But there is another document at the heart of our nation’s founding, and it offers a very different American Dream: the Constitution.
The Constitution is not a text you sit down with on a Sunday morning and a cup of coffee to let its idealism inspire you. It is a blueprint for government; its purpose is not to move readers but to clearly establish the legal framework of rights and responsibilities through which our country will function.
Even the Bill of Rights, some of whose amendments we may look on with great pride for the protections they created, are written in the bland language of law. “Neither slavery nor involuntary servitude, except as a punishment for crime whereof the party shall have been duly convicted, shall exist within the United States, or any place subject to their jurisdiction,” states the Thirteenth Amendment, the brutal history of longing and loss behind its creation altogether absent.
Even so, unlike the Declaration of Independence, the Constitution’s purpose was in fact to describe our aspirations. What did we hope for? What did we want for our lives?
Notably the Constitution begins not with our individual rights but a community working together: “We the People of the United States,” trying “to form a more perfect Union, establish Justice, insure domestic Tranquility, provide for the common defense, promote the general Welfare, and secure the Blessings of Liberty to ourselves and our posterity.”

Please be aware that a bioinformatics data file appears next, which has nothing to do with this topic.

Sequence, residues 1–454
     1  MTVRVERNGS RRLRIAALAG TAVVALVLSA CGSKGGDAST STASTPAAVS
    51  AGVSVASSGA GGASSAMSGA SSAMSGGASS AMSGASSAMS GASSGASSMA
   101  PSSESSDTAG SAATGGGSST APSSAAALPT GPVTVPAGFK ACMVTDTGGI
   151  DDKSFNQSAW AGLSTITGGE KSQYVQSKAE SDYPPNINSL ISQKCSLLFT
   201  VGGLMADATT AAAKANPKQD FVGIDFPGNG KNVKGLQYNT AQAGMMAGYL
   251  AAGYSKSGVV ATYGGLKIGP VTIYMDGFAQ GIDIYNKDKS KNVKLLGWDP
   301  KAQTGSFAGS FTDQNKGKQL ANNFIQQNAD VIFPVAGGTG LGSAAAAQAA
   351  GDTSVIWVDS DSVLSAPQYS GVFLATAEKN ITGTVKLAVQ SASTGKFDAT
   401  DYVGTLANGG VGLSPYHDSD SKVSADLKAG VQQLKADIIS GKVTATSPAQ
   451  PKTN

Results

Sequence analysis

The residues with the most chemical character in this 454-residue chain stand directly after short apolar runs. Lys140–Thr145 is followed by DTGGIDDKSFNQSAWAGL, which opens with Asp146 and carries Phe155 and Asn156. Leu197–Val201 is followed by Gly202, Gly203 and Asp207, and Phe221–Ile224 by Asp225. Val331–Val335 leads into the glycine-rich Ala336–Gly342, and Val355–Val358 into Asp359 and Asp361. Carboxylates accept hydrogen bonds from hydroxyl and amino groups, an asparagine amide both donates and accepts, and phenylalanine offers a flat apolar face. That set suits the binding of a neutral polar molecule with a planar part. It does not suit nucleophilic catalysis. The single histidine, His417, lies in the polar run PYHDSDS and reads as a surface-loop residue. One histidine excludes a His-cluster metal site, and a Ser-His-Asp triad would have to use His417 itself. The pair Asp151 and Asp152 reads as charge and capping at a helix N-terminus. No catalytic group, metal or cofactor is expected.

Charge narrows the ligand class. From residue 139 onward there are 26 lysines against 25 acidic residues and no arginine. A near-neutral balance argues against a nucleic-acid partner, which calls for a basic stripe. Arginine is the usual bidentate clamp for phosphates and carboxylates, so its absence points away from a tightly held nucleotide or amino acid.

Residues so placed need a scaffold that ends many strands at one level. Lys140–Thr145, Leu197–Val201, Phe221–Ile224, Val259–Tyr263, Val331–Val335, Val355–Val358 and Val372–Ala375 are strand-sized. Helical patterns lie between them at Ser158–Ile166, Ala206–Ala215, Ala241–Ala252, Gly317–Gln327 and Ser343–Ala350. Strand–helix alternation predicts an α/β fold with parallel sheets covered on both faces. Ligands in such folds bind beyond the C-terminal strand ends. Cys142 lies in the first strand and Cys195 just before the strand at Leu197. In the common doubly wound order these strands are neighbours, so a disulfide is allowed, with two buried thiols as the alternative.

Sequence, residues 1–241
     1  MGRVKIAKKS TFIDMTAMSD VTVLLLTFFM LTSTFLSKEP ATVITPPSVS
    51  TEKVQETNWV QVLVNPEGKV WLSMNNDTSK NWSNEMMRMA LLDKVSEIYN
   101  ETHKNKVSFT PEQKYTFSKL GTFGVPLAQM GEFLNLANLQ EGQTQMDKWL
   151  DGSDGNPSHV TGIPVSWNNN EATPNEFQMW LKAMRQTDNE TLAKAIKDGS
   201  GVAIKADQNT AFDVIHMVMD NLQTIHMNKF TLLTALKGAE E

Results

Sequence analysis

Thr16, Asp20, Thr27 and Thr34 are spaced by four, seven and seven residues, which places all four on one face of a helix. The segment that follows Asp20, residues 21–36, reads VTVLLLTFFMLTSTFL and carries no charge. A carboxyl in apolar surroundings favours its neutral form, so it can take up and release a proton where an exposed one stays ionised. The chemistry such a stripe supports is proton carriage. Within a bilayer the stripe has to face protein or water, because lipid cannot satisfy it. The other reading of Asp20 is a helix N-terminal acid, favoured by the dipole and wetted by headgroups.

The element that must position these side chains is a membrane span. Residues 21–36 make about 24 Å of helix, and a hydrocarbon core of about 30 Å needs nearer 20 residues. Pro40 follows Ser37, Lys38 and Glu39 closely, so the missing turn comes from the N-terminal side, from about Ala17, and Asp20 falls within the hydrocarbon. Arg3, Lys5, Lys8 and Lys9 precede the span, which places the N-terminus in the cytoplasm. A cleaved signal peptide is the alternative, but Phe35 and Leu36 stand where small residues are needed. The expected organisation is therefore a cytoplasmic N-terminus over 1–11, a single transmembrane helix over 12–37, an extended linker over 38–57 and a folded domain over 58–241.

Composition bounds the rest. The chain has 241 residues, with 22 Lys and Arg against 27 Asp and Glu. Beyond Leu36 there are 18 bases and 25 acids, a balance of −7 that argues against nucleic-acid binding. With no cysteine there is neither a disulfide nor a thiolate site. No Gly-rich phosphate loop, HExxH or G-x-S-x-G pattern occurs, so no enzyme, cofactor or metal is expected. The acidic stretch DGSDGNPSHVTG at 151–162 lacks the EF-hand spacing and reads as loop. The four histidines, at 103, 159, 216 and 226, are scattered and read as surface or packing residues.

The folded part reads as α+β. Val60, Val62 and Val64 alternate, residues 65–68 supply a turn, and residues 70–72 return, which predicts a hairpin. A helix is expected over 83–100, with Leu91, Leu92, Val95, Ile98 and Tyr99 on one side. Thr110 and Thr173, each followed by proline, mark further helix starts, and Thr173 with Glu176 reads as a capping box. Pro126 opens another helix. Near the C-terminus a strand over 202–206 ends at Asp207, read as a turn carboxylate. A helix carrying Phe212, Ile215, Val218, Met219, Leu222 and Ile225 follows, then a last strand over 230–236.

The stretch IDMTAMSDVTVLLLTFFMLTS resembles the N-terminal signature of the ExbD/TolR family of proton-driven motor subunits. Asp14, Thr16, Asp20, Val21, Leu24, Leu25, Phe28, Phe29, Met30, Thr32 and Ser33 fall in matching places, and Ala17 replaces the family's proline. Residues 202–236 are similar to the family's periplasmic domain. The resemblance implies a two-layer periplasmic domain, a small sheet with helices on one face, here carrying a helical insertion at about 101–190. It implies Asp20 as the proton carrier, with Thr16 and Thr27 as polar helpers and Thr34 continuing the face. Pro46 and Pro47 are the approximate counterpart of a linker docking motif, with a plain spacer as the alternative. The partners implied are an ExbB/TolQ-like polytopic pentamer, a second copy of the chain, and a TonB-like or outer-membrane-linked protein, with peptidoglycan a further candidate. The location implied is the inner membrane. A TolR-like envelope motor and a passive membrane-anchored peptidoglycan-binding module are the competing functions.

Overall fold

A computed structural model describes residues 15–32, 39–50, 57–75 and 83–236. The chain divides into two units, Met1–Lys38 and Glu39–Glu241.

What is the American Dream? It is a community of justice, peace and safety for all, with an eye on always improving the general welfare, built and maintained by everyone. There is no us and them here, no sense of accepted winners and losers.
No, here in the founding document of the United States, the dream is of a society, what Martin Luther King Jr. would one day call “the beloved community,” where all are not only allowed but enabled to flourish.
There are few stories in the New Testament that seem as relevant to the current moment in the United States as the Good Samaritan, the one who stops to help the man beaten by thieves and left along the side of the road. For Jesus that impulse to stop and help defines what it means to be neighbor.
But in its opening sentence the U.S. Constitution goes much further. To live the American Dream is not only to choose to help others when they are in need, but to embrace that we need others to build that more perfect society we long for. It is to acknowledge not our own desire but others’ needs, not our rights but others’ wisdom, not our individual positions but our common, ongoing work.
But in these days when we gather as communities to cheer parades, enjoy picnics and sit under the stars while brilliant lights explode in their midst, the promise of the American Dream lies all around us. Every year our hopes may remain imperfectly realized, but we see they are not foolish.
The Dream lives as well in the stories of the children in detention the First Lady visited. They and their families came to the United States inspired by its vision of an evermore perfect Union, and seeking for themselves the Dream outlined in the Constitution: a place of justice, peace and safety for all.